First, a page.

Insurer Sued Over Alleged Forgery


A man and his wife have filed a lawsuit against State Farm Fire and Casualty Co. for allegedly forging signatures on insurance forms and destroying documents to avoid paying claims from the 1994 Northridge earthquake.

Two former State Farm employee have given sworn testimony supporting the accusations, and claim such practices are common at the company, according to court documents.

State Farm spokesman Craig Peterson refused to address the lawsuit specifically, but denied the allegations of wrongdoing. “You don’t become the No. 1 insurance company in the country by treating people unfairly,” he said.


The lawsuit was filed by Roderick Taylor and his wife, Krista. The couple purchased a State Farm homeowners insurance policy in 1983. They allege they were told the policy included earthquake coverage but learned otherwise after the Northridge quake, which seriously damaged their $1-million hillside home.

When he originally bought the policy, Roderick Taylor said, “I made it real clear that I wanted our house completely covered, including earthquakes and fires.”

State Farm later produced an insurance document declining earthquake coverage that Roderick Taylor alleges contains a forged signature. “There was a signature on it that wasn’t even remotely close to mine,” he said.

Support for his case has come from the 2nd District Court of Appeal, which ruled a sworn declaration by a former State Farm employee can be admitted as evidence. State Farm attorneys had argued the testimony by Amy Girod Zuniga, who worked in the company’s litigation unit, should be sealed because it violated the firm’s attorney/client privilege.

In her sworn testimony, Zuniga said State Farm knew many other applications had been forged. In 1987, California voters passed Proposition 103, which required insurance firms doing business in the state to offer earthquake coverage. The measure also required policyholders who did not want earthquake insurance to state so in writing.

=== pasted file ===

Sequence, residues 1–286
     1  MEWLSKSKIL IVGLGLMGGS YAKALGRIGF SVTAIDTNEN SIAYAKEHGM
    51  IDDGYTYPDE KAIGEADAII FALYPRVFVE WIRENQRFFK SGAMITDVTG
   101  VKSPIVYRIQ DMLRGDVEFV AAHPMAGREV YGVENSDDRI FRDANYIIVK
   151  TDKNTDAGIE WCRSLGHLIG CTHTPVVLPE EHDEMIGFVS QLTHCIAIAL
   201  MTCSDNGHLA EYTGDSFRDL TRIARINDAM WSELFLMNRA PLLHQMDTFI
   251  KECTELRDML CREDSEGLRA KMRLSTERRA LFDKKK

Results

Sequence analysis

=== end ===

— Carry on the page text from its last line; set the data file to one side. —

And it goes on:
“I am aware that there were many other State Farm claims arising out of the Northridge earthquake like the Taylors’ involving unauthorized signatures by State Farm agents . . . omitting earthquake coverage,” according to Zuniga’s testimony.



State Farm has since sued Zuniga for breach of fiduciary duty and misappropriation of trade secrets. She could not be reached for comment. The next hearing on her case is scheduled for May 15.

Meanwhile, the Taylors have been unable to finish repairing their home.

“Our house looks like a cross between a Roman ruin and a haunted house,” Roderick Taylor said.

The Taylors’ claim of being misled by their insurance agent is backed by Ina DeLong, who had worked as a State Farm claims agent and supervisor for 23 years.

DeLong, who quit State Farm in protest over the company’s handling of Loma Prieta earthquake claims in 1989, said agents routinely “quoted low prices based on inadequate coverage.”

“If the agent couldn’t get the signature on the declination forms, they would have to come up with one,” DeLong said.

Surreptitiously omitting earthquake coverage, DeLong said, made policy premiums more attractive than policies that included full coverage.

DeLong also accused State Farm of destroying and suppressing internal documents that could later be used as evidence.


That allegation is repeated by former State Farm employee Samantha Bird. She said in a sworn statement to the 2nd District Court of Appeal: “We were instructed to destroy old memos, claim school notes, old procedures. . . . The reasoning behind this is that we do not keep discoverable information that could be asked for in ‘bad faith’ suits.”

The Taylors’ lawyer, Bernie Bernheim, said he hopes a judgment against State Farm would be large enough to change the firm’s behavior.

“That will take a substantial award,” Bernheim said, citing a 1996 suit in Utah that yielded a judgment against the company for $145 million. “It will have to be more than that.”

With more than $55 billion in total assets, State Farm is the 12th-largest business in the United States. The 75-year-old company paid $2.7 billion in claims to more than 116,000 policyholders whose homes were damaged by the Northridge earthquake.